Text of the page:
Weekend Reading: 7 Ways the New Tax Bill Could Impact Retirement Planning

This article appears as part of Casey Weade's Weekend Reading for Retirees series. Every Friday, Casey highlights four hand-picked articles on trending retirement topics and delivers them straight to your email inbox. Get on the list here.
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Weekend Reading

A first look at a major proposed tax bill was just released by the Ways and Means Committee, and it has the power to change a number of things in the retirement planning realm.


Changes on the horizon: Unlike SECURE Act 2.0, this bill is not aimed at enhancing retirement security. Instead, it’s geared more toward tax revenue restrictions, and past podcast guest, Jamie Hopkins, highlights seven ways these new provisions could impact your second act. Some of them include:

📌Significant increase in Required Minimum Distributions (RMDs) with large account and high-income earners: If your combined traditional IRA, Roth IRA and defined contribution accounts exceed $10 million at the end of the prior year, and your taxable income is above $400,000 as a single filer ($450,000 if married filing jointly), you would face a new RMD that is 50 percent of the aggregate amount above $10 million.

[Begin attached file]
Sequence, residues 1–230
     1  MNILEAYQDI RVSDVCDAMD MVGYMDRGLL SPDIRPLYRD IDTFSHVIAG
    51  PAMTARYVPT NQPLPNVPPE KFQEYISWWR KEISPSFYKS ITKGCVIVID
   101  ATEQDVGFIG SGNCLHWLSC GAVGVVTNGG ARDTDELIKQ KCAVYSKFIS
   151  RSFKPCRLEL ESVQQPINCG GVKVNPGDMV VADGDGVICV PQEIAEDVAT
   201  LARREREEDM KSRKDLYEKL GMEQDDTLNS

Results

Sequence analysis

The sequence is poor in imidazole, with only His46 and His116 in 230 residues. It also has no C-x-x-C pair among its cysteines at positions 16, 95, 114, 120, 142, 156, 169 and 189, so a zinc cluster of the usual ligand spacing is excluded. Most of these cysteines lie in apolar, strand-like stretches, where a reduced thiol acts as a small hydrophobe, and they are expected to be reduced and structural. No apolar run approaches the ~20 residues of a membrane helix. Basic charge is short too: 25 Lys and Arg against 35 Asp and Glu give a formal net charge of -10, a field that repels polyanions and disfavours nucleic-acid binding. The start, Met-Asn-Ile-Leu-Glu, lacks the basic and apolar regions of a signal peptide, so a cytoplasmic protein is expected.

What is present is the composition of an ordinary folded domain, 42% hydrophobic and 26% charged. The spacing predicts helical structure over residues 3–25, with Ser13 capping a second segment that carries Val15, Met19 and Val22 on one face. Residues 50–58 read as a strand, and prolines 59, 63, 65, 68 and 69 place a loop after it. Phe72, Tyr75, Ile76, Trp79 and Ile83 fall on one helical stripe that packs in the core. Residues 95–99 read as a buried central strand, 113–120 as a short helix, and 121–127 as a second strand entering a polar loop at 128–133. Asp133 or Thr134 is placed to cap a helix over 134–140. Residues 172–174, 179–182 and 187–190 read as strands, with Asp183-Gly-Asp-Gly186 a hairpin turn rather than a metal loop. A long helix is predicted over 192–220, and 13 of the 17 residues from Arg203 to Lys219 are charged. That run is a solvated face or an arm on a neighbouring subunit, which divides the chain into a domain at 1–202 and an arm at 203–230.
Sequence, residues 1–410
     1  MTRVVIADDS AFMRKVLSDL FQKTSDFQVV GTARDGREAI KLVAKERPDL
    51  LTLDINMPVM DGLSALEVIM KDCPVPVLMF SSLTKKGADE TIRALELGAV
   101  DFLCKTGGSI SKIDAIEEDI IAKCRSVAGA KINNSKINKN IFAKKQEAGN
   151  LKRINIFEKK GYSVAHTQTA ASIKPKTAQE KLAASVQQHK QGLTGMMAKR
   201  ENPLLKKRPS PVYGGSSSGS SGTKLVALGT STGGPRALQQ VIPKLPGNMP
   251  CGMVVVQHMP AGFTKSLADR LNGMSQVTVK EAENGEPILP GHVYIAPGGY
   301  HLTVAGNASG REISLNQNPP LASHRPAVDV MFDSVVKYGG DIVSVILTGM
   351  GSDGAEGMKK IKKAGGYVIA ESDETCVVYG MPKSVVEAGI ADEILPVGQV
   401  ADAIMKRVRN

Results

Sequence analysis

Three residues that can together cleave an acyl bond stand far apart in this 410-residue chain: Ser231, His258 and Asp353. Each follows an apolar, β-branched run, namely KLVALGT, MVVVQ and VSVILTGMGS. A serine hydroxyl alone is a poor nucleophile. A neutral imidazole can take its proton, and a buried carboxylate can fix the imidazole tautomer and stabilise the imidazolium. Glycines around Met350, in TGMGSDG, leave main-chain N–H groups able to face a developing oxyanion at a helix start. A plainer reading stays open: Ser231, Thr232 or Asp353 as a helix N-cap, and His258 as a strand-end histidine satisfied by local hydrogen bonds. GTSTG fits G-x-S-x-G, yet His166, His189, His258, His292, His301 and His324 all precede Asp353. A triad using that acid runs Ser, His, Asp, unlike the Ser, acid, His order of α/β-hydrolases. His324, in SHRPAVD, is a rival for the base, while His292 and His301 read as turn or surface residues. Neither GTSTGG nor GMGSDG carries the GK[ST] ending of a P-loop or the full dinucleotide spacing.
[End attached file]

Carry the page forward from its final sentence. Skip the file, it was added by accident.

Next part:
📌Roth conversion limitations for high-income earners: Individuals with high taxable income (precisely $400,000 annually for single filers, $450,000 for those married and filing jointly) would be prohibited from doing Roth IRA conversions in the future.

📌Limitation on certain investments in IRAs: While certain types of investments are not permitted in an IRA, this bill would add to the list. It would eliminate anything requiring the IRA owner to obtain a certification, meet a minimum asset level or obtain a certain level of education.

📌Marriage penalty: Individuals who are married and file jointly for taxes, and who have a combined income of $450,000/annually or more, would hit the highest tax bracket at 39.6 percent. This would inevitably leave some with potentially tens of thousands of dollars less in retirement savings.

My thoughts: The biggest takeaway here has to be that in the bill’s current form, the promise to increase taxes on the rich is being followed through, and will largely leave your average American unscathed.